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Railways: Electrification

Volume 739: debated on Wednesday 18 July 2012

Question

Asked By

To ask Her Majesty’s Government what will be the economic and environmental benefits of the electrification of English and Welsh railways.

My Lords, electrification is expected to lead to a number of benefits, including higher acceleration and higher top speeds than diesel stock, greater capacity, and lower costs of leasing, maintenance and operation. These savings can lead to reductions in the long-term cost of the rail industry. Electric trains are more environmentally friendly than diesel trains and electrification should make rail freight more competitive with road, reducing environmental damage and congestion.

My Lords, I thank my noble friend for that Answer. I welcome the Statement on the electrification of the east Midlands and other lines most enthusiastically along with the upgrades to mainline stations and extensions to platforms. As the Prime Minister said,

“this investment will mean faster journeys, more seats … greater … links and a truly world class rail network”.

Does my noble friend agree with me that the specification for any future project should ensure that it is for the benefit of the many and not the few?

My Lords, my noble friend is quite ingenious. I have a feeling that she really wants to talk about HS2. I absolutely agree with her that future projects should be for the benefit of the many and not the few. However, HS2 is not predicated on a very high-cost service for senior businessmen paid for by everyone—a sort of Concorde on tracks. HS2 passenger demand forecasting is based on the current fare structure. It is also essential to understand that the west coast main line will run out of capacity if we do nothing. It is only a matter of time.

My Lords, will the noble Earl accept my very great appreciation of the electrification of the line through to Swansea and the south Wales valley lines? However, will he accept, in the context of the reply that he has just given, that the line from Crewe to Chester and Holyhead also has very heavy needs, particularly the need to offload freight going through to Ireland? Can he give an assurance that the recent announcement does not preclude progress on that line also?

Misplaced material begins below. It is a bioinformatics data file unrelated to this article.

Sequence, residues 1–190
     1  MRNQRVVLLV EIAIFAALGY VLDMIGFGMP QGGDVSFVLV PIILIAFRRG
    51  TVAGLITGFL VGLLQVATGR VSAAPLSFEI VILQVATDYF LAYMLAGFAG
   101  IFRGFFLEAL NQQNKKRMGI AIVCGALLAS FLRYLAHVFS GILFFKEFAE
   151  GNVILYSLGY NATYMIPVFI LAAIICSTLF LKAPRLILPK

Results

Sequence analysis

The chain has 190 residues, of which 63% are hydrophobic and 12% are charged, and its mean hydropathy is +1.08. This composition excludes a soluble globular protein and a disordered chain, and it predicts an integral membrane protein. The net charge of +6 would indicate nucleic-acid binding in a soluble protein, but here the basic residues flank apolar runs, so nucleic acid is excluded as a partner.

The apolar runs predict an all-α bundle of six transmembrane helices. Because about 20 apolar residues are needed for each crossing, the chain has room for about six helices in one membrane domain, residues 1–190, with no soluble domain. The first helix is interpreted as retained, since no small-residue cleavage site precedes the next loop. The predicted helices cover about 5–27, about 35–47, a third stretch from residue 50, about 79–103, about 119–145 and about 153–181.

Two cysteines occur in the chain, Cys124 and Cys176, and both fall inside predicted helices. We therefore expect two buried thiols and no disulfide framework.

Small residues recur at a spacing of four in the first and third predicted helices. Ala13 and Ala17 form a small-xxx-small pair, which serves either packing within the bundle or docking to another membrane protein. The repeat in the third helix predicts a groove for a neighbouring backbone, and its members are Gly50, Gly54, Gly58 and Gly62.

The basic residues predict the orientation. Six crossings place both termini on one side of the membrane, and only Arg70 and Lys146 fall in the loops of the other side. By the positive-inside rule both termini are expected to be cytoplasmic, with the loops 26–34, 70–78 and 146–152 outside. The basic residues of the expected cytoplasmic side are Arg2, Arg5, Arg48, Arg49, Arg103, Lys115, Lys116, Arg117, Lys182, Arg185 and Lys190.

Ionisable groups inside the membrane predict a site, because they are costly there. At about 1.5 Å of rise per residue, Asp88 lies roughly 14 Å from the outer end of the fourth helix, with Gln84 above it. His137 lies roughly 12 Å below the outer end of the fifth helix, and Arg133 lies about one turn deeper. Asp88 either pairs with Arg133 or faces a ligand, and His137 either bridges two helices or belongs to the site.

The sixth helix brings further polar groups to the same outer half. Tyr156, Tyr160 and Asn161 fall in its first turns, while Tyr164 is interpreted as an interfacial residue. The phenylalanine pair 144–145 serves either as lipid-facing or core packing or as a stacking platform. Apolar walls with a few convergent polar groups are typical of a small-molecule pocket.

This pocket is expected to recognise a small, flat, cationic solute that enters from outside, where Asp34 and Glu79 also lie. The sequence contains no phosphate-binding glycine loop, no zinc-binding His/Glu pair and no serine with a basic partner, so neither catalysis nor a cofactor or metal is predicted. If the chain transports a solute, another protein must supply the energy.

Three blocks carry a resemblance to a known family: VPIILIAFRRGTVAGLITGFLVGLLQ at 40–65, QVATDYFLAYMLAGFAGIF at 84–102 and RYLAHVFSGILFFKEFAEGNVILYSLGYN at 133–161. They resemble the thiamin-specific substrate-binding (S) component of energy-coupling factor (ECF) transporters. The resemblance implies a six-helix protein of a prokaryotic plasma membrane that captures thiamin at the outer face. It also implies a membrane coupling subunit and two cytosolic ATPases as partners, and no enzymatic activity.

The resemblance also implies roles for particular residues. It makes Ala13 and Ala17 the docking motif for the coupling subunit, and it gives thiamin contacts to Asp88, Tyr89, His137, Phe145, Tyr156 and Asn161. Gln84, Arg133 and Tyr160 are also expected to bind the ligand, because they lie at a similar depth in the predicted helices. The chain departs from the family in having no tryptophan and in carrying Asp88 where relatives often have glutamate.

My Lords, the CP5 is not the end of the electrification process. We have announced what we will do in terms of electrification for CP5, but the process will go on.

The announcement this week means that more than 800 miles of electrification are now likely. That is good news for consultants, good news for planners and good news for those seeking apprenticeships. Would the Minister care to speculate on what would have been done by the party opposite?

My Lords, I would hope that the party opposite, if in power, would have carried on with the process of giving us a railway system that is fit for the people of the United Kingdom

My Lords, the “party opposite”, of course, produced the plans and had commitments for half the money which is to be expended on these proposals by this Government, expenditure which did not take place immediately after the election because the Government themselves induced the delay. Of course, we welcome the Government’s intention to make progress on electrification. Although the noble Earl referred in glowing terms to the HS2 project, we also note that there is no commitment in these proposals to the expenditure for HS2 and we wonder whether in fact the Government are running a little scared of their Back-Benchers, as they have been recently in the other House.

My Lords, I can assure noble Lords that the Government are not running scared of their Back-Benchers in respect of HS2. I would also remind the noble Lord that we are currently in CP4, which was devised by the previous Administration. The announcement is for CP5.

My Lords, in the spirit of good will just before the Recess, may I say that the Government deserve full-hearted congratulations on the decision to extend electrification to Swansea and to the valleys? Does the Minister recognise that one of the major problems in Wales is the widening gap between the relative prosperity of south-east Wales and that of west Wales and the valleys? This decision will go at least some way to contribute to a non-extension of that widening gap.

My Lords, I agree with the noble Lord. That is exactly why we have done it. I would also like to pay tribute to the efforts of the noble Lord, Lord Touhig, who skilfully put pressure on the Government in respect of the Ebbw Vale electrification project.

My Lords, I commend the Government on pursuing these electrification schemes but it is quite clear that there are plenty of further candidates, whether they be Holyhead, Plymouth, Hull, or indeed the Calder Valley. Is the Minister saying that he now sees a rolling programme going forward for electrification? That is what we want to see. We have had bust, and it seems that we have got a bit of boom, but is it going to be rolling forward?

My Lords, we want to avoid feast and famine for the civil engineering industry. We are saying now what we will do for CP5. I have already indicated to the noble Lord, Lord Wigley, that we will continue the process in CP6, but of course I cannot at this point make any suggestion as to what will happen in CP6.